• 2. implementations. These practices identify a physician champion who sees the EHRimplementation as a means to an end and not the end in itself. These providers haveclearly defined outcomes they want to achieve, which affects the patients‟ quality ofcare or practice efficiencies over the short and long term. These providers engage thehearts of their staff in goals anticipated from the journey.These objectives and outcomes, defined prior to EHR selection, are the focal point forthe entire EHR implementation, from the choice of EHR vendor options, interfaces,productivity enhancing features, to the prioritizing of staff training, system validation andpost go-live workflow optimization.One important best practice these providers implement is to select and abstract essentialelements of the paper chart, to entered by staff into the EHR prior to the patient seeingthe provider post go-live. They refine their choice of patient e-folders into which „only-absolutely-necessary-documents‟ are scanned and filed, so the provider can easily thinkwhere to retrieve these documents, e.g. vision screens or EKG tracings. This speeds thedoctors‟ ability to find relevant data, as structured data, and lessens dependency onscrolling through pages and pages and pages of scanned documents.There are providers who fall into the category of the minimalist. They specify theminimal objectives, if any. They may select the EHR with the minimum of capabilities.They may fall prey to consultants offering the minimum cost and suggesting the minimumeffort required. They end up with the minimum of services and spend minimum timepreparing for the transition in workflow. Often they spend the maximum time scanning aplethora of practice records. This ends up costing them dearly in time and inefficientworkflows, post go-live. This approach prevents them from achieving the loftier goals ofenhanced patient care coordination, measurable quality of care and patient satisfactionimprovements. Sadly, some of these providers fall into the category of a failedimplementation, disconnecting their EHR and returning to the paper chart. Sometimesthese are the providers who get the ear of other providers who are just starting to plantheir journey.At the conclusion of a successful EHR implementation and meaningful use achievements, Iask the providers to reflect on the EHR software implementation process and offer theirperspective on the barriers to the journey, the early benefits realized, and theiranticipation for future benefits as health IT becomes more integrated in the processes ofhealthcare delivery.Summarized below are some barriers identified by the doctors who have achieved Stage Imeaningful use of their EHR:  The EHR vendors‟ help desk support staff struggle to understand the providers‟ concerns and struggle to communicate practical or accurate solutions.
  • 3.  The Federal and State level rules and instructions frequently frustrate due to specificity of supporting documentation requested.  Some certified EHR systems stubbornly refuse to cooperate in ensuring the accuracy of reports generated or creating ease or flexibility in producing that data, or even in demonstrating the capabilities for which they are certified.  Primary Care practices that lag behind in their adoption of EHR technology are beginning to frustrate early EHR adopters as they try to share health information data or coordinate care across their patients‟ care provider community.  The vast selection of certified EHR products frustrate the providers, although astute providers are beginning to notice critical mass forming within their specialty for specific EHRs.  The instability of the internet in certain rural locations frustrates providers who want to minimize the hardware footprint in their practice and who choose to access the EHR software via the internet.  Point-to-point interface is sometimes cost prohibitive, but the Health Information Exchange alternative is not yet the reality some providers are anticipating.However, the list of barriers is offset by an equalizing list of EHR benefits realized earlyin the implementation of the certified EHR solution, as well as in the future years.  Providers are pleasantly surprised when they successfully import a patient‟s electronic clinical summary file or „continuity of care document‟ into their EHR and see the test patient‟s medical history as structured data, readable, understandable, sans faxing and scanning and all ready for decision making. When the doctor realizes the potential for saving staff labor, a smile usually emerges.  EHR implementations allow a practice‟s staff to explore their skills in leading, persuading and creative problem solving.  Practices that adopt the EHR technology, using best practices, often increase staff satisfaction, as medical assistants learn new workplace skills and become more involved in documenting patient care observations and histories on the EHR.  Practices of multiple physicians find that the Clinical Quality Measurement reports are sufficient to motivate change in practice workflows and clinical actions necessary to improve patient care outcomes and perceived care quality. The numbers speak for themselves and often stimulate physician workflow changes aimed at improving their patient care outcomes.  Meaningful use objectives and the required actions to achieve them benefit the practice in ensuring that the EHR vendor completes the training on the software in adequate detail.  Physicians who use the services of their Regional Extension Center are frequently very pleased with the skilled consultants who help them focus on the important actions which keep them making forward progress, help them navigate the EHR vendor selections, assess the thoroughness of EHR implementations and optimize their medical practice workflows beyond the EHR implementation‟s go-live. Testimonials are flowing in at several Regional Extension Centers as practice owners get excited about the MUVer programs or becoming a Meaningful Use Vanguard.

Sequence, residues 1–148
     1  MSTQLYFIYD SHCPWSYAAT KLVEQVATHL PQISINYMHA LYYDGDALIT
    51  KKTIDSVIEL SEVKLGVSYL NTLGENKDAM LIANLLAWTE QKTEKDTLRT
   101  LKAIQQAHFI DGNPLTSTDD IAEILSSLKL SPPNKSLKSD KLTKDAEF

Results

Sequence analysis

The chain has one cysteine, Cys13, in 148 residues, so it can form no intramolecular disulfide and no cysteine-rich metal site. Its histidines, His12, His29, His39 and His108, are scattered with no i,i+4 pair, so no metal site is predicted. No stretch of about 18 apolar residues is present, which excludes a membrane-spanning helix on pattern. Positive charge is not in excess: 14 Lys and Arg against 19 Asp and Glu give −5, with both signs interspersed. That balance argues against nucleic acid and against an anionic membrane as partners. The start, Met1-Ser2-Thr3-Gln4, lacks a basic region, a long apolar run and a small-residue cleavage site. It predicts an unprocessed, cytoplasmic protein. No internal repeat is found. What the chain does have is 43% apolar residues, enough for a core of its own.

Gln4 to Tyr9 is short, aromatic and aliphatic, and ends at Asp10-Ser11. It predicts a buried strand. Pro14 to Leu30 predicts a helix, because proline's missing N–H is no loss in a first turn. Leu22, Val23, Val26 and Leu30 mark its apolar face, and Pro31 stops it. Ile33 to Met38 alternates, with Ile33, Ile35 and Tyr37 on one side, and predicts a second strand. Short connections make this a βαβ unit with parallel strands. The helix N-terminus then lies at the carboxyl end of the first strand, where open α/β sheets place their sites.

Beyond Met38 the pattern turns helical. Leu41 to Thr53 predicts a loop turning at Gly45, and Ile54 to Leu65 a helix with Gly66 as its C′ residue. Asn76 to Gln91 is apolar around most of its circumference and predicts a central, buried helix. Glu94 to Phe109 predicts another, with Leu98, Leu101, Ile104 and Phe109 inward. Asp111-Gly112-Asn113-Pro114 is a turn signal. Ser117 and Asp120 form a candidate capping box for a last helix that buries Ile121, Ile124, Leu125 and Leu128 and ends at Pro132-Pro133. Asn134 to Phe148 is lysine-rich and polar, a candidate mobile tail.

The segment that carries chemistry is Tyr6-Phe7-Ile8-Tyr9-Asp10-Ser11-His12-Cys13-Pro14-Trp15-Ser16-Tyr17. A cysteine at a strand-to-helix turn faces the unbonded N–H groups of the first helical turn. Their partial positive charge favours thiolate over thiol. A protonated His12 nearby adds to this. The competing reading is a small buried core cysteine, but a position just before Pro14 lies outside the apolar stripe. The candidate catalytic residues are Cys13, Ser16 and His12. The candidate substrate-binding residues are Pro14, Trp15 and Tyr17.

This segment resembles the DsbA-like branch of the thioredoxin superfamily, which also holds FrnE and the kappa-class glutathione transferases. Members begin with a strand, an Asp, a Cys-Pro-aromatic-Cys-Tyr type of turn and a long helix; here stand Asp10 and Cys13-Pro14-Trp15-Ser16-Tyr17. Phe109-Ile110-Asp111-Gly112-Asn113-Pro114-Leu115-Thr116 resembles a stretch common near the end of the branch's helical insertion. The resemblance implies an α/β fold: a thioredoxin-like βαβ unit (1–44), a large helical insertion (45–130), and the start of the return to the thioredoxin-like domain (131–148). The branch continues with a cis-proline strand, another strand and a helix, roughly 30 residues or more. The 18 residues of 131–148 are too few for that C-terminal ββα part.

• 4. Future health IT capabilities enthuse the early adopters of EHR technology. Providerpractices have been known to attest to Meaningful Use Stage I, and with the excitementof the adrenaline rush, ask: “What‟s in Stage II?”Physicians articulate their desire to collaborate as a community of healthcare providerson behalf of their patients. Medical practices anticipate a lessening of the burdensomereferral processes, as health information exchange gateways come into their own. Thereis particularly anticipation for access to clinical data about the patient, relevant to thepresent illnesses, which providers will use for enhanced decision making, whileeliminating redundant and unnecessary tests. Technology refinements should reduce thecost of interoperability of devices and more easily link data sources with datadestinations. Most importantly, physicians anticipate gains in personal freedoms withimproved mobile, yet increasingly secure access to patient information.Marie Richards, Consultant at TMF® Health Quality Institute, working with the RegionalExtension Centers in Texas to assist physician practices to achieve meaningful use oftheir EHR and reach the objectives specified by the Centers for Medicare & MedicaidServices, an agency of the U.S. Department of Health and Human Services.